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I

Versus sancti Patricii episcopi de mirabilibus Hibernie

Incipit de signis et prodigiis.

Plurima mira malum signantia signa futurum Siue bonum dederat clemens deus arbiter orbis, Ut terreret eos quos illa uidere uolebat. Omnia pene loca in quibus hec iam facta fuere, Tempora cuncta simul, breuitas intacta reliquit. Tres simul in celo uisi sunt currere soles. Terribilem quedam tellus effuderat ignem. Maxima pars noctis fulgebat luce diei. Ecce lapis cecidit de celo magnus in amnem. Circulus et solem circumdedit aureus altum. Agnus in Egipto mire fuit ore locutus. Bos loquitur Rome stimulanti uoce prophete:

'Copia farris erit uobis hominesque peribunt.' Spicas turba hominum iam uidit in arbore natas. Panibus incisis sanguis quoque fluxit abunde Coram conuiuis, quos signum terruit illud. Bos peperit dudum multis cernentibus agnum. Armatas multis acies equitesque diebus Aere pugnantes crudeliter arma mouere Ante quidem ciues uiderunt tempora belli. Natus equa fuerat totus homo tempore nostro Atque homine, hinnitum faciens quoque moris equini, Tam comedens fenum quam panem et cetera edebat. Natus erat dupplex homo uiuens tempore longo, Quadrimanus bipes atque biceps et pectore bino, Atque duas animas unum uentremque gerebat. Quorundam pars posterior noua uerba sonabat, Tunc mirabiliter cantans modulamina quedam. Uox auis audita est dicentis talia uerba:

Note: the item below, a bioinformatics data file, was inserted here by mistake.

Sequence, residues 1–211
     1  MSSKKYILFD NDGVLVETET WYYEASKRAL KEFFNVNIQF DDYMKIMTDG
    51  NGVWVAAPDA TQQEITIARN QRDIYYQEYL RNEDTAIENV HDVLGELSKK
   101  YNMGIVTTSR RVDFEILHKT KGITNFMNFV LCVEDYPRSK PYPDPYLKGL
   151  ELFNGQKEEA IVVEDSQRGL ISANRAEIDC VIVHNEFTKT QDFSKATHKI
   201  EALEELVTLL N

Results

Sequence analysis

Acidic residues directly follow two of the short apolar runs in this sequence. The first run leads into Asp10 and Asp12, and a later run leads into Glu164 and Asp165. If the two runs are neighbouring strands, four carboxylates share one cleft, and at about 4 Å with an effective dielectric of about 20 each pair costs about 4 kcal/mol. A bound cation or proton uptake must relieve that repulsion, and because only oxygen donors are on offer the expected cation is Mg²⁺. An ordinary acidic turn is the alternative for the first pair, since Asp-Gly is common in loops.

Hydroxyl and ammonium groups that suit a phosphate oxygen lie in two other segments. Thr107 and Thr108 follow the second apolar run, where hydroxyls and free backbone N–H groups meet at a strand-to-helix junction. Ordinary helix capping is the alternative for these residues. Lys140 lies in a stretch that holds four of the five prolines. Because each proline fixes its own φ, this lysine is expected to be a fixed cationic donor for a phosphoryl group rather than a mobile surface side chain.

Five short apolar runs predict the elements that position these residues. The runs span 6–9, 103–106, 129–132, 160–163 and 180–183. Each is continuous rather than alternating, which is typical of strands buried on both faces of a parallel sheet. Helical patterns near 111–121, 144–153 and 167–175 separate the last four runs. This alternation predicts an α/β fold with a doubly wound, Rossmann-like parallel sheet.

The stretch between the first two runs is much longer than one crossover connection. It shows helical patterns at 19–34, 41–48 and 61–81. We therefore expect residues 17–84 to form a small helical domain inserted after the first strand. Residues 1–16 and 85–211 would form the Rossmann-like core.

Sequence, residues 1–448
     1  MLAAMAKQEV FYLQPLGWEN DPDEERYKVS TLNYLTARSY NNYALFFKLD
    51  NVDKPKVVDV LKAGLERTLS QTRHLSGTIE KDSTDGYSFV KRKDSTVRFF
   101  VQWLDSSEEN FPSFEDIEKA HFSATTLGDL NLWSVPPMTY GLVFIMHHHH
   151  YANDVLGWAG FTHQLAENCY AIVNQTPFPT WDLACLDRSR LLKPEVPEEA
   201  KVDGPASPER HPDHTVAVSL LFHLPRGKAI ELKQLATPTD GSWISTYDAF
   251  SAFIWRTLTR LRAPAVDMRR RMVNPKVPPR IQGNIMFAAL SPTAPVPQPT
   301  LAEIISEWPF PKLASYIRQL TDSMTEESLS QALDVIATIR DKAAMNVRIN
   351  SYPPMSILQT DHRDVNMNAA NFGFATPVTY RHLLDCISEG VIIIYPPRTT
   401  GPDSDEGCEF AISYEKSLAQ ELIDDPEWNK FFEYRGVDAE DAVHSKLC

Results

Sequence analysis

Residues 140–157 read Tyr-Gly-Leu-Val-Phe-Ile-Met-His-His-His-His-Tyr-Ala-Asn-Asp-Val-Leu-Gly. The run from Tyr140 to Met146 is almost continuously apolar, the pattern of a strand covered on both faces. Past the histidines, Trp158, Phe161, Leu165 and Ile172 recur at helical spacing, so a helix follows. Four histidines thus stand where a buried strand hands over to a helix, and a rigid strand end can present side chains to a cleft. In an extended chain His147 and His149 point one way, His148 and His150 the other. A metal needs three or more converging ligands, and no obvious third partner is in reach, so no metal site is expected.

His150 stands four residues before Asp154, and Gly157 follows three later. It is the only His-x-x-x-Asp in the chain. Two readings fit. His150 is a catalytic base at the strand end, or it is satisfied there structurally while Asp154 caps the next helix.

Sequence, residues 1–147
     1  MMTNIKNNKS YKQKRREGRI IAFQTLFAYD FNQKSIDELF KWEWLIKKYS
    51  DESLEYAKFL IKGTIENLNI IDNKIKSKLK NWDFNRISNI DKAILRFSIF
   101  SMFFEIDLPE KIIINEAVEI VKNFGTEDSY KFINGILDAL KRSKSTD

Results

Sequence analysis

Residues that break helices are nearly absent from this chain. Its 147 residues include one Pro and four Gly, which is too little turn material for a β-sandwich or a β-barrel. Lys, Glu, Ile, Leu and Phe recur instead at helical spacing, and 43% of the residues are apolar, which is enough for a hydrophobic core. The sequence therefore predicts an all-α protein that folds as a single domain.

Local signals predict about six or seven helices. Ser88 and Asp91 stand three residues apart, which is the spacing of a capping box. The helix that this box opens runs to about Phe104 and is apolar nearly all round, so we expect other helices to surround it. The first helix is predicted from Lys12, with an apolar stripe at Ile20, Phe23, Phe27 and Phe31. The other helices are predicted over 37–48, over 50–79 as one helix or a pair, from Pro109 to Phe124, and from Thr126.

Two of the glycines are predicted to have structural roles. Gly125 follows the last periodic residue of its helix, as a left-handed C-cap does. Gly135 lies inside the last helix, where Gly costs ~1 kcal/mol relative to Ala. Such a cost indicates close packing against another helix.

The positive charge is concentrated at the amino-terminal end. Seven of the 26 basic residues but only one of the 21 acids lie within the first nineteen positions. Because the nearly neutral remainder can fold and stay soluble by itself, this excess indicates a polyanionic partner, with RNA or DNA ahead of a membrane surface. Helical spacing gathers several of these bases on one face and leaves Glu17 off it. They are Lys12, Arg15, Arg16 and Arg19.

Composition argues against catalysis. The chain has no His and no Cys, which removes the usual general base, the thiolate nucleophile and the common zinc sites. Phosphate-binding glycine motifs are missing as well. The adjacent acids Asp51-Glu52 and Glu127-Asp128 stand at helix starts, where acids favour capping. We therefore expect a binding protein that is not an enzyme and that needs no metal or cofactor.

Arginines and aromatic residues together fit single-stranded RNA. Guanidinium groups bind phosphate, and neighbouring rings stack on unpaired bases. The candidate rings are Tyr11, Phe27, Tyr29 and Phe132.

'Mane nouo surgens dominum laudabo potentem.'

5

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IS

viii

ix

x

xi

20

xii

xiii

25

xiiii

3 0

Manuscripts: 0, VI, V'.

Title: V' has Incipit de signis et prodigiis et de quibusdam Hybemie admirandis

conjecture ofRiese 9 ampne V': amne V, 12 simulanti V,

17 in l'tis conuentibus V, inlicitis

7 quondam 13 nobis V,

IS

Panibus abscisis V'

I

Verses of the holy bishop Patrick on the Wonders of Ireland

ON

SIGNS AND WONDERS I

Many wondrous signs, that are signs of future ill Or of good, has God given us in His mercy, Lord of the world:

That He might frighten those whom He willed to see them. Wellnigh all the places in which these signs have been wrought And all the times my brevity has left untouched. 5 Three suns have been seen to course the sky together.

A certain land poured forth fearful fire.

The greater part of the night has shone with the light of day.

Lo, a great stone fell from Heaven into the river.

A ring of gold has encircled the high sun. 10

A lamb in Egypt in wondrous wise has uttered speech.

An ox speaks in Rome at the bidding of a prophet's voice>:

'Ye shall have abundance of corn, yet shall men die.'

A host of men have seen ears of corn sprouting on a tree.